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The hidden traps in APMS contracts

APMS contract are 'alternative providers of medical services' and were a new creation in the 2004 contract.

There is a considerable variety in the quality of these providers, and although names such as Virgin and United Health might come to light, there are a number of GP-led APMS contracts in force where the PCT has put out to tenders practices formerly run by themselves with the GPs salaried. The feature of these practices is that the contracts are usually time limited unlike PMS or GMS contracts, and usually for a period of five years.

I met up with one of my excellent APMS practices which is coming into year four of their five years. It has been told that its contract will not automatically be renewed in year five, and that the contract will have to go out to tender. There are a number of issues  that are becoming increasingly important.

Firstly, the PCT are pushing for the practice to sign a lease for its premises. Now it sees the advantage of signing a lease as giving it security, but the other side of a lease is that it is an obligation to pay rent. Unless the lease has some clause bringing the lease to an end when the contract ends, or a series of break clauses that the GPs can exercise, it is possible that the GPs could find themselves having to pay rent for a surgery when they won’t hold a contract to provide services. The potential disadvantages outweigh the advantages.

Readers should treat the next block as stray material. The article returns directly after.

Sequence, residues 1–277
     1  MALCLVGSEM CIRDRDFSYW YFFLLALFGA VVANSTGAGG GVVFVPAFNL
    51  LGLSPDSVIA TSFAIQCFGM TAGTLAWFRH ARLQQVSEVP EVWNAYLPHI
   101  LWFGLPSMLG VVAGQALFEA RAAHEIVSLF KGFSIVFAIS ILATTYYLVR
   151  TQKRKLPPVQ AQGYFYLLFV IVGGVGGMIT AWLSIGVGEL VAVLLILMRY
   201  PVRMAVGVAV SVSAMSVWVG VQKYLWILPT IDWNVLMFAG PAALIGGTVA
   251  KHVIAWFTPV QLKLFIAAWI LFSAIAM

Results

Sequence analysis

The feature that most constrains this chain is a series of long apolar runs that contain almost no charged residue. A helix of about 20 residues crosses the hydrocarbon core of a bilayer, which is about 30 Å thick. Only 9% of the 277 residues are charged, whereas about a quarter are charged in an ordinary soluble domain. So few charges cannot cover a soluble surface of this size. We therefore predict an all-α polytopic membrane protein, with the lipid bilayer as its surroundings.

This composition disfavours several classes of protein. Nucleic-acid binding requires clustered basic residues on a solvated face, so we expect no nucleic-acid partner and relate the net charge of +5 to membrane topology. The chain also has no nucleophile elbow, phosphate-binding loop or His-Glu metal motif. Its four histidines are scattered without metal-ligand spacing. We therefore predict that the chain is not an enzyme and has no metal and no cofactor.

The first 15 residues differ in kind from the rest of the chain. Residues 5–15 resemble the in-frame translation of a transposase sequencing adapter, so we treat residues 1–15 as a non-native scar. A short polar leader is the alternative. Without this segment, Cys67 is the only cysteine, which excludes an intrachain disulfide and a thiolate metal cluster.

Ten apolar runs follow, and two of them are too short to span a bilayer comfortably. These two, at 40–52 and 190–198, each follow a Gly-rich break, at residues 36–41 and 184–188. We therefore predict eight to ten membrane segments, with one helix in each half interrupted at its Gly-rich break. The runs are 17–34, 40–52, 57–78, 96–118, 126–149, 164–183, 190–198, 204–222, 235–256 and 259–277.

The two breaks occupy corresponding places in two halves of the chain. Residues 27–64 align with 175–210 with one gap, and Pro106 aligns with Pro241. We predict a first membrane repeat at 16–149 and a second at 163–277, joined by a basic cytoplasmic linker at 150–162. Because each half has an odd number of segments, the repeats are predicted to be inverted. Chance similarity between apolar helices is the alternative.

Secondly, they are having to face the potential prospect of paying enormous redundancy costs. The staff they employ were previously employed by the PCT, and their service records are protected, so although they have only been employed by these GPs, their redundancy payment would cover all their years of working in the NHS. Since the current GPs are partners (and not a limited company) they would be liable personally to pay the redundancy costs

I have a worry that the new contract (due in the next few years) will try to limit the length of the GP contract so the worries I express above could be a concern for all the profession. Of course a limited-term contract would cause all sorts of other problems, a lender is not going to lend finance for a surgery if the income stream can only be guaranteed for five years, and how motivated can a partner be to develop a practice if that practice will be re-tendered in five years?

Time will tell if my anxieties are founded, but as you can see, the consequences would be serious.

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